Vermont Wild Life: Animal Instincts


words + photos // Benjamin Welton

The Eastern Bobcat. The Striped Skunk. Muskrats. Yes, this is Vermont wildlife. But, in truth, it is not Vermont Wild Life — Wild Life Clothing, that is. Hidden upstairs above 161 Main Street, Wild Life Clothing is an interesting shop — “boutique” might be a good word for it, but then again what Wild Life Clothing sells seems more than just the highly specific. And frankly, they’re selling a lot of it. Continue Reading

Sangha Studio: Finding your vinyasa


words + photos + video // Ben Zackin

Starting a business is no small undertaking. It takes months of planning and sometimes years to turn a profit.  But it took Caitlin Pascucci just nine days to launch Sangha Studio, and in six months she owned one of Burlington’s top yoga studios.

Pascucci opened Sangha in February 2014 and has since assembled a solid team of instructors who offer a full schedule of classes in a number of different yoga styles like Fluid, Flow, Vinyasa, Acro and more. The studio has receivedan immensely positive response from the greater Burlington community, and Pascucci plans to continue growing its offerings in the coming months. And hell, she can arm balance with the best of them.  Continue Reading

The Dupont Brothers: The essence of harmony


words // Ariel Henley

When you first meet them, Sam and Zack DuPont appear to be polar opposites, but onstage, the duo has a bond that older brother Zack calls unmistakable. Five-and-a-half years apart in age, the DuPont Brothers officially teamed up a little more than a year ago.

­The brothers, ages 23 and 28 respectively, are quickly becoming known for, as Zack puts it, their “lighthearted banter and heavy-hearted songs.” Continue Reading

WYSIWYG: An festival for everyone


 words // Liz Cantrell | photos // Alex Hackenson

After days of rain and a too-soon fall chill, the weather has rallied for a sunny, end-of-summer weekend, which makes the long walk up North Avenue toward Burlington College pleasant and bearable. From a distance, we see the yellow and red vintage-lettered sign. Its cheeky — and, to the uninitiated, confusing — acronym welcomes us. WYSIWYG: What You See Is What You Get. We have arrived. Continue Reading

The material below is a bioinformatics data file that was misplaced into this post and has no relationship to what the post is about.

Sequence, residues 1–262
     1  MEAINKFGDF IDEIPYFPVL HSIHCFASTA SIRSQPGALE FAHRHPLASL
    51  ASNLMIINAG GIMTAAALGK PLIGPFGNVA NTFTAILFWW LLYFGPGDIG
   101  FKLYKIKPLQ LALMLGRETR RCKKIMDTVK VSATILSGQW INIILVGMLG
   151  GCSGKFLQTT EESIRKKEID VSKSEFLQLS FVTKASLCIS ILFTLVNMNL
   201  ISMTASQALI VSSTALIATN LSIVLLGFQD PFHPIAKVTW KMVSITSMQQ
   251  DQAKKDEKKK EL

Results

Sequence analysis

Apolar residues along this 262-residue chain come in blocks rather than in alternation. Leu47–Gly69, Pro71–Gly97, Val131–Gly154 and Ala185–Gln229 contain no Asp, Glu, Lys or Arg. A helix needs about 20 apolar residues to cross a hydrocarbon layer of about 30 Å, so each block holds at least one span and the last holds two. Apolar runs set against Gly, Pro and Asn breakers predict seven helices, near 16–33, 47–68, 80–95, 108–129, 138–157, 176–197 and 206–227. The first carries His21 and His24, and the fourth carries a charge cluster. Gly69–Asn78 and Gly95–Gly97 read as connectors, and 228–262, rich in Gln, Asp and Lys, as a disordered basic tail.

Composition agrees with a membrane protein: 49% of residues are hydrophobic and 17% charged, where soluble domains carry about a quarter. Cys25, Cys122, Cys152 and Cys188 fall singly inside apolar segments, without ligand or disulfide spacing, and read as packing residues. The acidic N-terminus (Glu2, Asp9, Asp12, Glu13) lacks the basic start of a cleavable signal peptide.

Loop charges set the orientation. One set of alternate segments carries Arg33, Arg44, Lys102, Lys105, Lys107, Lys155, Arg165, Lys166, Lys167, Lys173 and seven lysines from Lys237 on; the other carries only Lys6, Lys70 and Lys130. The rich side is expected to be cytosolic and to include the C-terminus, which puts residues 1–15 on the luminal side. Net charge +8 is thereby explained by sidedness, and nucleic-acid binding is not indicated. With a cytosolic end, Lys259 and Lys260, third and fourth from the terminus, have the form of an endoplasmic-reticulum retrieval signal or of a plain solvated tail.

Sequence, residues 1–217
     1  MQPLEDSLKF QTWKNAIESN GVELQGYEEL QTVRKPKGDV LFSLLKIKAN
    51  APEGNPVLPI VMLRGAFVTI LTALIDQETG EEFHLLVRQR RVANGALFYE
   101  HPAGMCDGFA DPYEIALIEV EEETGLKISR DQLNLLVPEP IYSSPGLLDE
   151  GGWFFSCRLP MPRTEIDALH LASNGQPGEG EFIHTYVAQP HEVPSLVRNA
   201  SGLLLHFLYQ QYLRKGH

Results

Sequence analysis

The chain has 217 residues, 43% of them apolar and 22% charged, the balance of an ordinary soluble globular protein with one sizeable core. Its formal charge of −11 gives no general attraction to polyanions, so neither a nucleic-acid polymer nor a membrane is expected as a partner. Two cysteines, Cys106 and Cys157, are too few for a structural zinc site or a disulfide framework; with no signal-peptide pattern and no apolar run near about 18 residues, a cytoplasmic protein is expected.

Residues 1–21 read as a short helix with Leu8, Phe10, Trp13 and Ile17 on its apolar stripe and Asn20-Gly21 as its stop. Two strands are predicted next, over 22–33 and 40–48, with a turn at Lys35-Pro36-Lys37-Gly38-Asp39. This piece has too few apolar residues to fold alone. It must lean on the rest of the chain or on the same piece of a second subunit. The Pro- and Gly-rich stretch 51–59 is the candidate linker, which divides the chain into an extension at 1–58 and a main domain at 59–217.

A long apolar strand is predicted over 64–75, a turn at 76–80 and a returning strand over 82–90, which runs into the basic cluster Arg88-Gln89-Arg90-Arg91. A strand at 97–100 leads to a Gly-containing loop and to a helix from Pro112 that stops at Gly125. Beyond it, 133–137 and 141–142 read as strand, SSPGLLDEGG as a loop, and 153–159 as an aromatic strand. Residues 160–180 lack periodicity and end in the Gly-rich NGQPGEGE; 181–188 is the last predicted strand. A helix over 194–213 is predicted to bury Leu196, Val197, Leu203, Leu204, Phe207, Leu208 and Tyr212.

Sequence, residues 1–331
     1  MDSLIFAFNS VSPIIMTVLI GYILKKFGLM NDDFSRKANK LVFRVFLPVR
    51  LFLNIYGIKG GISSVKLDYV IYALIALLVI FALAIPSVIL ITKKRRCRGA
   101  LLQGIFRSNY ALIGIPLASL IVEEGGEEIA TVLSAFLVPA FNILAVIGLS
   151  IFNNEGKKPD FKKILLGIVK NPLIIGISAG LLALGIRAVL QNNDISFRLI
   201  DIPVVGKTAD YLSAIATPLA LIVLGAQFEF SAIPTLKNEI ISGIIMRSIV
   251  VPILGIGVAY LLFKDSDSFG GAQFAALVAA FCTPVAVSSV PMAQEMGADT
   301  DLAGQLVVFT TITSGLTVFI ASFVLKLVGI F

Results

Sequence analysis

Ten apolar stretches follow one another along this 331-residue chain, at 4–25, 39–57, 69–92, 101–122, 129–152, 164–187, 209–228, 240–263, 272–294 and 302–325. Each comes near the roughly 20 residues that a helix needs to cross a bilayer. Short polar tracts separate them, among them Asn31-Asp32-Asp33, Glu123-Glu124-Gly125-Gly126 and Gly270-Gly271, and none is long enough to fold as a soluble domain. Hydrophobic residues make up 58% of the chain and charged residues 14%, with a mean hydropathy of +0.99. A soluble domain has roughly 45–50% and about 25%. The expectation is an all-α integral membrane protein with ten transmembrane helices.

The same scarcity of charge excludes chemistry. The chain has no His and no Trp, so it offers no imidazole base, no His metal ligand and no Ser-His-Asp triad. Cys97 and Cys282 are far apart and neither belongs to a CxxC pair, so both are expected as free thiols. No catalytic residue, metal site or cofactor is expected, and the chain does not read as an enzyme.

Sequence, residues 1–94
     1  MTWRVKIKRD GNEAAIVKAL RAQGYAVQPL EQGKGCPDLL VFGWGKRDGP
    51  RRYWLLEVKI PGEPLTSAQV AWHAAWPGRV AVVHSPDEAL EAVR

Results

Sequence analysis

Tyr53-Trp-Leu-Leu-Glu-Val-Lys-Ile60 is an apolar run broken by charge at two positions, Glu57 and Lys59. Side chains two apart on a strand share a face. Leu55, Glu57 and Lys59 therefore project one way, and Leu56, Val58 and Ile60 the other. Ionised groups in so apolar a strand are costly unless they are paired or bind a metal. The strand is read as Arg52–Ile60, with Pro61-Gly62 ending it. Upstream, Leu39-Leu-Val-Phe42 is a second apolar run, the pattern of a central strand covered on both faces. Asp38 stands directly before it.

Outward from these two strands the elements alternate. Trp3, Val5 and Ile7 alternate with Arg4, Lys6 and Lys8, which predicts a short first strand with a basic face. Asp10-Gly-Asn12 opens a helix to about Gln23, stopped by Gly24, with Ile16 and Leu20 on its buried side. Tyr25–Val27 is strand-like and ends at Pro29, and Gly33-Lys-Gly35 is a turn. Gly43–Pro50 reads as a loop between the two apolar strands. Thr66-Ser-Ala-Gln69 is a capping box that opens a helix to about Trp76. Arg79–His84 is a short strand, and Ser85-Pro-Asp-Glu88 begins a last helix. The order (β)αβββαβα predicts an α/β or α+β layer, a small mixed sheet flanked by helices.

words // Wes Dunn | photo // Kevin Hurley 

The entrance is inconspicuous, tucked in a corner of a Church Street façade that could easily be missed. The sign is small, and the thin, nondescript stairway leads to an upstairs hallway, where Jenke Arts suddenly bursts into sight with a warm glow that emanates from the walls. I had no idea this much space was up here, with comfortable couches along one side, cubbies stocked with yoga gear and a wide-open floor. Posts that support the ceiling are decorated as tree branches.

Continue Reading

Chasing the dream: The daily grind in baseball’s minor leagues


words // Zach Despart | photos // Damir Alisa | graphics // Matt Kuperman 

In the bottom of the seventh inning, designated hitter Joe Bennie is behind in the count again, a ball and two strikes. The Lake Monsters have just taken the lead, and with a runner at second and two outs, have a chance to expand it.

Renegades pitcher Ryan Pennell glances at the runner, then throws a fastball in the dirt. Ball two. Bennie steps out of the box and ritually re-fastens his batting gloves. He steps back in, taps home plate twice with his bat and assumes a hitter’s stance — feet shoulder width apart, knees bent, right arm cocked and parallel to the ground. The catcher sets up low and outside. Pennell deals a changeup and Bennie swings, but he’s out ahead of it. He misses. Strike three. Inning over. Continue Reading

Finding Waylon Speed

waylon-speedwords + photos  // Evan Johnson | video // Ben Zackin 

If you want to find Waylon Speed, you’ll have to go to Williston. Park on a quiet street in front of a nondescript industrial building with desert-tan steel siding. Follow the smell of cigarettes and the dirty tones of a tuning guitar past alleys of refrigerators and pallets of printers. At the top of the stairs, turn left. Continue Reading

Scout’s Honor Paper: Anything but stationary

scouts-honor-paperwords  // Nina Knorr  | photos// Ash LaRose

“It’s not really work, it’s life,” Annemarie Buckley explained when asked about turning her passion for art into an independent business.

At her company, Scout’s Honor Paper, she creates different kinds of stamps, stationery, cards and packaging in a shared co-working space called Study Hall on College Street. Buckley is the sole creator and artist at Scout’s Honor, and enlists the help of other independent businesses for the printing of her work.  Continue Reading